If dropping the 10 year old web browser support was not enough, IE6 that is, starting from August 1st, Google plans to discontinue Firefox 3.5, Internet Explorer 7 and Safari 3 web browsers support.
According to the official blog post, company will only support current and prior major releases of the web browsers.
We are pretty excited about the change as there is little to no reason not to upgrade your web browser.
No word about Opera yet.
- Internet Explorer Crash (Picture)
- Internet Explorer 9 On Windows Phone 7 Mango
- Cookie Hijacking Vulnerability In Internet Explorer
- View YouTube 3D Videos With Firefox And GeForce
- Download Firefox 5 Beta
- Firefox Gets about:permissions For More Privacy Control
- Google And Mozilla Start Debate Over Address Bar
- First Chrome OS Desktop PC To Ship In July
- Offline Support For Gmail In Chrome Stops Today
- Google Chrome 13 Can Hide The URL Bar
- Google Chrome: Lady Gaga
- Download Opera Mini 6 For iPhone And iPad
According to various reports, hardware maker Xi3 will be releasing the very first desktop PC running Google’s Chrome operating system on the 4th of July.
Xi3′s ChromiumPC modular computer will feature a tiny, cube like design with different color options and are powered by the dual or single core 64-bit, x86 processors.
With Google allowing users to hide the address bar in canary builds of Chrome 13, Mozilla has decided to release the LessChrome HD extension which pretty much does the same thing. This has seemingly sparked a bit of a debate in the browser industry, as the address bar has always been an integral part of the web browser.
- Firefox about:config Preferences Explained
- Firefox 4 Market Share Increases 30% After Upgrade Offer
- Chrome Hack Denied By Google Engineers
- Google’s Chrome Sandbox Hacked
- Google Chrome 12.0.742.30 Beta Brings Fancy Features
- Google Chrome: 160 Million Active Users And Growing
- Google’s Dear Sophie: You Are Doing It Wrong
- Chrome Web Store, Now Available Worldwide
- How to Unlock All Google Chrome Angry Birds Levels
- Remote Debugging with Safari Web Inspector / Chrome Developer Tools
- Opera To Fix Default Installation Behavior
- Opera Software Q1 2011 Financial Results
- Opera: Enable New Google Image Search Interface
- Web Browsers: iPhone 4 vs. Samsung Galaxy S II vs. HTC Thunderbolt vs. Samsung Focus
- Wikitude: 3D Augmented Reality Browser
- WebGL: Play Angry Birds For Free
- WebGL Awesomeness: 3 Dreams Of Black
- LastPass May Have Been Hacked
- Download Adobe Flash Player 10.3 Final
I am rather curious about this matter. Although Google Chrome OS is an operating system, it is an operating system that consists of only a web browser. It boots you into an enhanced version of Google Chrome and you do what you need to do from there. It has never been done before to my knowledge, and since major browser vendor Google is pushing this project with all that it’s got, Google Chrome OS may very well be here to stay. Who knows, perhaps Opera, Mozilla, or even Microsoft will follow?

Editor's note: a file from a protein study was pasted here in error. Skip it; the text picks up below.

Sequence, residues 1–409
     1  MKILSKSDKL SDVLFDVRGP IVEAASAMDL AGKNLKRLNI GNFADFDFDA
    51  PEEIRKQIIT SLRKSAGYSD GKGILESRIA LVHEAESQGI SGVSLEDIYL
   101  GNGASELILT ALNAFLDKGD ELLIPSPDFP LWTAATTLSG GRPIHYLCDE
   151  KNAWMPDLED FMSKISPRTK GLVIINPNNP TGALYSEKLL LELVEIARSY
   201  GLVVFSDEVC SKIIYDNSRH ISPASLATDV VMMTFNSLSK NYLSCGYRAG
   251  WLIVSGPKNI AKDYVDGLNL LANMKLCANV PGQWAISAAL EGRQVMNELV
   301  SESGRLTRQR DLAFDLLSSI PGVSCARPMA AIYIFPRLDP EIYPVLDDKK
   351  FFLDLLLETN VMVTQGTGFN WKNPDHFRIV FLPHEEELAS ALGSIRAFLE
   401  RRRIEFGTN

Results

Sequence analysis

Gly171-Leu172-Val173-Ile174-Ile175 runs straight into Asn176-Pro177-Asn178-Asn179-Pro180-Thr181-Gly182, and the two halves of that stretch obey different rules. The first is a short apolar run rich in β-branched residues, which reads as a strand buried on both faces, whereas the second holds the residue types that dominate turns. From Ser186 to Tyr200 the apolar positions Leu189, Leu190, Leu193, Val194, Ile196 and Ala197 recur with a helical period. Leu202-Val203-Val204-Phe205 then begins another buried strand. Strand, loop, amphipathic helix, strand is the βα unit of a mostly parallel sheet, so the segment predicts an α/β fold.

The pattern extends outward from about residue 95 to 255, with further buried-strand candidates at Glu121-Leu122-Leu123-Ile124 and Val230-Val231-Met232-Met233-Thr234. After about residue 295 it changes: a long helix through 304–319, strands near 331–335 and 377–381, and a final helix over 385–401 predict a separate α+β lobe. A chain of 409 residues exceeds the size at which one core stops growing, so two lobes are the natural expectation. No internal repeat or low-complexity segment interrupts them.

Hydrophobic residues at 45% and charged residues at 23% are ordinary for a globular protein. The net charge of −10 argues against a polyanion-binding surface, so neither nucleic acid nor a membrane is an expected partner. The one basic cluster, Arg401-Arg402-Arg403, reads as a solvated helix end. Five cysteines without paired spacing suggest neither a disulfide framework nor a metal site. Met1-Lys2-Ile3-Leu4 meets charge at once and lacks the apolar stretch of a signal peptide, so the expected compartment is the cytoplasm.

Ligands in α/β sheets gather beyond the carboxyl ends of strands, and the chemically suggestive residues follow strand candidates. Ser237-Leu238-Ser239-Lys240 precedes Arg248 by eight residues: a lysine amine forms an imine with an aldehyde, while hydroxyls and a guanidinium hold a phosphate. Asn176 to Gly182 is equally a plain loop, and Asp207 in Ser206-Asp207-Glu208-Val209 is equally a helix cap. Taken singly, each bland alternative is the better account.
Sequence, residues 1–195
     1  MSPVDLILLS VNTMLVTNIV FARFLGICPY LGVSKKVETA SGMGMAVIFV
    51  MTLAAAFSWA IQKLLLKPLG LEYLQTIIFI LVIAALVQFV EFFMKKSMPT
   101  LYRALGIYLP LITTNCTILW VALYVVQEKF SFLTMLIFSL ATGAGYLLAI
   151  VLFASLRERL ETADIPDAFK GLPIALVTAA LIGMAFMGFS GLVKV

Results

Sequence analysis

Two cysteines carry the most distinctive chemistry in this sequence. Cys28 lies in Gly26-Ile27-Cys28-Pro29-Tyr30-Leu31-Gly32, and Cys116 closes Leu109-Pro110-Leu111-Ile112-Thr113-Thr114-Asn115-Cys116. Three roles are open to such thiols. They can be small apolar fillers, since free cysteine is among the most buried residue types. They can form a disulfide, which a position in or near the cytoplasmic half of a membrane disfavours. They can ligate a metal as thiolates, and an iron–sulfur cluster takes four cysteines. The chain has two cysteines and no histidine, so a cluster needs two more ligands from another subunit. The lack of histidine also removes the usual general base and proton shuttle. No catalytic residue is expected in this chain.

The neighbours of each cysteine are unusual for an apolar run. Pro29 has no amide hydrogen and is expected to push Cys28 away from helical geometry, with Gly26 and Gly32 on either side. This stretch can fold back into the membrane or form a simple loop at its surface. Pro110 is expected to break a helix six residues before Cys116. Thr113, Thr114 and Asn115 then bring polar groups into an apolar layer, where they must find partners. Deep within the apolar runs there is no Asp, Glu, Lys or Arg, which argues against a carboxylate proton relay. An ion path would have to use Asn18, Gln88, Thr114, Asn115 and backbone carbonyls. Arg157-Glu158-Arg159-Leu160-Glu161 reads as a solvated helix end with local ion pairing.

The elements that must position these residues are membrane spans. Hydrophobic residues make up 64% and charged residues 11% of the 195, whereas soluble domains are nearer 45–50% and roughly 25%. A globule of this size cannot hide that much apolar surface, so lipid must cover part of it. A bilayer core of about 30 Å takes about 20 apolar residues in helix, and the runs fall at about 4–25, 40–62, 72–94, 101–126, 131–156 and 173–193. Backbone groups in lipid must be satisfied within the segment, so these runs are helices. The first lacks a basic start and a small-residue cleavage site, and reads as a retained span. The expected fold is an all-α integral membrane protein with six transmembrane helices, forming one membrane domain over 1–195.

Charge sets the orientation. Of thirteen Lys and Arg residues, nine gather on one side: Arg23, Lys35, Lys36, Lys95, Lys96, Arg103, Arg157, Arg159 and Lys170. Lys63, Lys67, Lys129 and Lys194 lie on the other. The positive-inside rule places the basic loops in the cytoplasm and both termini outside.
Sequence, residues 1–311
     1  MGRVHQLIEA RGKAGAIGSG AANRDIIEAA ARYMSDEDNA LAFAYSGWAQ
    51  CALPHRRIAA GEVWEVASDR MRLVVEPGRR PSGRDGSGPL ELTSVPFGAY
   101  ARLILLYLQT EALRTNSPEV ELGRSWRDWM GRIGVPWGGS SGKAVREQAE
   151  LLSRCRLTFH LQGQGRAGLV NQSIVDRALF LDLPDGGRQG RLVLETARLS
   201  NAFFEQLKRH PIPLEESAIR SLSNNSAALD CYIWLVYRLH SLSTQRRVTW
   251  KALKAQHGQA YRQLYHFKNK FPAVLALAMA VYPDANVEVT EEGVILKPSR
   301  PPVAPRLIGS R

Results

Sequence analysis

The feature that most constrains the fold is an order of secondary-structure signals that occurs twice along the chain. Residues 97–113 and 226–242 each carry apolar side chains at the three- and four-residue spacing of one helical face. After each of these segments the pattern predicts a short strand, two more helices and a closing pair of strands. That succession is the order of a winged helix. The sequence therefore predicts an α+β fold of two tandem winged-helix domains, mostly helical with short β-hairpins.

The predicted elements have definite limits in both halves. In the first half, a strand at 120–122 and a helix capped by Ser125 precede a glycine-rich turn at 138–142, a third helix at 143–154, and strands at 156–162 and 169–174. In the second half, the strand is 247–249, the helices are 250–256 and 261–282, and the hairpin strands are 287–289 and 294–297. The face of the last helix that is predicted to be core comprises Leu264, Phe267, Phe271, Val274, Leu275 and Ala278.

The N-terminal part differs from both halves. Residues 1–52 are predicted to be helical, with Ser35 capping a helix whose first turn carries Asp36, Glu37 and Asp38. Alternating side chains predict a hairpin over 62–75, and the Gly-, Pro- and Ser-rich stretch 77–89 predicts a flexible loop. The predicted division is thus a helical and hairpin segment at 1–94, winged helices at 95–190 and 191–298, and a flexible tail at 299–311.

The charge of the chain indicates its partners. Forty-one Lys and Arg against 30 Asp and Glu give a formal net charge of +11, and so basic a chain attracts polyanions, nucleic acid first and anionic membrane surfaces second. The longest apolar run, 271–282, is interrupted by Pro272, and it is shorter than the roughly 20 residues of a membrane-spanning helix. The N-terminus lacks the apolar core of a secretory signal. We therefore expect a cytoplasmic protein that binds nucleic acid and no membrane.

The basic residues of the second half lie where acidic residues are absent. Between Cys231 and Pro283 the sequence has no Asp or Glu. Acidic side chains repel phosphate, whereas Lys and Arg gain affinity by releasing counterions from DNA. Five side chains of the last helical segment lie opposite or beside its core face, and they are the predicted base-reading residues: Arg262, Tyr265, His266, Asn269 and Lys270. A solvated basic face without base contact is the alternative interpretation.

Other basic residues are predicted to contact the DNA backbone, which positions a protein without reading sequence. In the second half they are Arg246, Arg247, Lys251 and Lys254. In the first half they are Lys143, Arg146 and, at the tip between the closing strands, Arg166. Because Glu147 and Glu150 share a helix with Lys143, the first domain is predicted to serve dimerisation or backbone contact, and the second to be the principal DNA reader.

As reported previously by FavBrowser, Google Chrome’s sandbox has allegedly been hacked. Nevertheless, several security engineers over at Google have now denied this, countering claims that a security company discovered a vulnerability in Chrome that could let attackers hijack Windows PCs running the browser.
The bug that security company Vupen exploited to hack Chrome was in Adobe’s Flash which comes bundled with Chrome, not in Chrome itself, said the engineers. A Google spokesman said that investigation was still ongoing, but the engineers decided to make themselves heard.
If you are a fan of WebGL technology, then this gem is definitely worth checking out.
“3 Dreams of Black” by Rome is an interactive video made using WebGL which just shows you the possibilities amazing future of the web.
WebGL support is a must for your web browser, so in case you don’t use Google Chrome or Firefox, grab it now and open the following link.
Yet more news come from the Google’s I/O 2011 keynote as company has just announced that the Chrome Web Store is now available to all the users worldwide in no less than 41 different language.
There is a catch though; they will be able to access the free applications only, at least for now.
In addition to that, Google has revealed that there have been more than 17 million app installations so far and with the new countries inclusion, these numbers will surely explode.
As for developers, instead of complicating things, the company will charge a flat 5% fee instead.
In today’s Google I/O keynote, it was revealed that Google Chrome now has 160 million active users. That’s twice as many users as reported last May (70 million)!
Furthermore, the company has promised major web browser improvements in the upcoming few months, such as: more developer APIs, speech support and more.